Zhenan Bao is associate professor at Stanford University, US, where she uses chemical and chemical engineering approaches to make functional nano- and microstructures with novel electronic and photonic properties. Her work has gained her international recognition, including the RSC Beilby Medal and Prize in 2009.
What inspired you to become a scientist?
I always had a very inquisitive nature and liked to ask 'why?' a lot. My parents were both scientists - one a chemist, one a physicist - and I was inspired by their careers. My father in particular instilled in me a curiosity for why things happened. He once bought me a popsicle ice lolly and asked if I thought it would sink or float in water. I said it would sink because it was solid so he threw it in the lake and said he would buy me another if we lost it. I was very surprised when it floated and, of course, wanted to learn why.
Your work focuses on organic electronics. Why did you decide to specialise in this area?
Around the time of my graduate studies at the University of Chicago, Francis Garnier reported the first printed transistor, which really inspired me. After my PhD, I joined Bell Labs (Lucent Technologies). They had already started some work in printed electronics and with my background in synthesis I thought I could immediately contribute. Following the tradition of Bell labs I was then given a lab and told to think about what I wanted to do. Organic electronics is an area with many useful applications and one where I felt I could make a real difference with my materials background.
Your work is multidisciplinary, combining chemistry, materials science, physics and various types of engineering. How do you coordinate such a diverse research group and stay on top of all the literature?
I find it very stimulating to have a group of students and post docs coming from very different backgrounds. My lab currently has nine chemists, ten chemical engineers, four electrical engineers, three physicists and several materials scientists. They all bring different expertise to the group. They learn from me and I learn from them - we are learning together. It is hard to keep on top of all the literature but if the students see some exciting work somewhere, they will let me and the whole group know so that helps a lot. I find the journal highlights very useful. They give me an idea of the current exciting work going on without having to read every issue of the journal.
What are you working on at the moment?
Lots of things! One of the areas I am most excited about is our electronic skin, where we are trying to mimic the chemical, biological and pressure sensing abilities of real skin. We also have really exciting results on transparent electrodes with carbon nanotubes, where we can achieve really good performance. We are establishing a start-up company from that work, which recently won the MIT Clean Energy Entrepreneurship prize and the Rice University business plan competition. I am very proud of the students who presented the work. In the solar cell area, we have developed new material design concepts which have started to show promising results.
How does a scientist without a business background go about setting up their own company?
I am still learning! There are other professors who have started companies so there is a lot of help and there are very helpful people who are willing to give advice. It is like doing research - when one gets stuck, one goes to the experts in the area.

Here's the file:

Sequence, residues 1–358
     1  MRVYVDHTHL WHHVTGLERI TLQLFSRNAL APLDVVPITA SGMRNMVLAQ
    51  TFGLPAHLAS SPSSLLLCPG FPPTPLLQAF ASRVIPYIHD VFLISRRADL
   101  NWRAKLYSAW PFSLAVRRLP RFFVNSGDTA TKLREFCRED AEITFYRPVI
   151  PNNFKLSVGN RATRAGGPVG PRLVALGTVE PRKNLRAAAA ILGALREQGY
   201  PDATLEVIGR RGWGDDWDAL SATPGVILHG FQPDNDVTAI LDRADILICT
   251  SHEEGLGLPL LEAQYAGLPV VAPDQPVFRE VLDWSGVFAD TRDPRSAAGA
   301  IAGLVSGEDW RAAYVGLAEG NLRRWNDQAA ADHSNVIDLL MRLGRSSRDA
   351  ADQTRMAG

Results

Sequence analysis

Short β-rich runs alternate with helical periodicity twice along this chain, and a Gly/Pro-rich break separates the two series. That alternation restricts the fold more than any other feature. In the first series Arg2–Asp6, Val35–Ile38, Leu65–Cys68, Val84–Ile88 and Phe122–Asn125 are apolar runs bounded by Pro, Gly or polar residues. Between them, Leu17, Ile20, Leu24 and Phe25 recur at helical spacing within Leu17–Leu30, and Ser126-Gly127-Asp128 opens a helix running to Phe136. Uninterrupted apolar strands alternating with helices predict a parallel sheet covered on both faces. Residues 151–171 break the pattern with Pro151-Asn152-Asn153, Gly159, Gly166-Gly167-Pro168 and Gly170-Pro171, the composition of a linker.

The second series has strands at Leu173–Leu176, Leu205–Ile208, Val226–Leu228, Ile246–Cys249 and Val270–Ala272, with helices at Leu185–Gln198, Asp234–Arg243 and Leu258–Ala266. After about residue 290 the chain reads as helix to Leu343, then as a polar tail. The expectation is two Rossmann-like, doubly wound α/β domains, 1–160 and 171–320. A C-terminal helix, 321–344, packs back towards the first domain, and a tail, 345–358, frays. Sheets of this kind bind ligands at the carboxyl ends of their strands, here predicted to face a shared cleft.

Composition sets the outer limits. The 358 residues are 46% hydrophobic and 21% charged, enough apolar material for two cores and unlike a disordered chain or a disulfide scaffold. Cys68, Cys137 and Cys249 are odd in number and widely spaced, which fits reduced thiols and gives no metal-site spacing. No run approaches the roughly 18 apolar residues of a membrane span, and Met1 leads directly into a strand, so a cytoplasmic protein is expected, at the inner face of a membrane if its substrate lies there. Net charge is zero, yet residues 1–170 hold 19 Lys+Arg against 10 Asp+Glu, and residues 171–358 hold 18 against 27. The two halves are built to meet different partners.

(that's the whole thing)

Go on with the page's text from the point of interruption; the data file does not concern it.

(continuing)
Energy conversion and storage is one of the key challenges facing the modern world and something that the RSC is promoting as part of its Chemistry for Tomorrow's World initiatives. What do you think are the main opportunities for chemists in this area?
A major part of energy research is about new materials for producing energy and also new and more energy efficient ways of making materials and chemicals. We must also take into consideration the environment - chemists can develop greener syntheses of materials and come up with materials that are more environmentally friendly. We can also develop sensors that can be used to monitor the environment. Chemistry is at the centre of all these very important global issues.
What is the best part of your job?
It is hard to rank the parts I enjoy the most. I love the interaction with students, meeting people from all over the world, being able to pursue and idea and see it become reality and also the freedom of being able to decide what to work on, who to work with. There are so many exciting possibilities and rewards for being a scientist.
You have been selected as both an outstanding young woman scientist who is expected to make a substantial impact in chemistry and one of the top 100 young innovators for this century. What is the secret to your success?
Being curious and asking lots of questions. Also being driven and willing to work hard. Being a scientist is a demanding job but there is no easy job in the world if one wants to be successful.
What is your advice to other young women thinking of embarking on a scientific career?
Women often underestimate their own ability but they must be confident and believe they can do it just as well as anybody else.
What do you do in your spare time?
I don't have much spare time so any that I do have I spend with my two children. I try to inspire them to ask questions and think about everything they do and not take things for granted. I don't know what they will choose to do in the future but I believe that if they develop good problem solving skills they will be successful.
If you weren't a scientist, what would you be?
There is no other job I would like to do. Being a professor is simply the best job for me.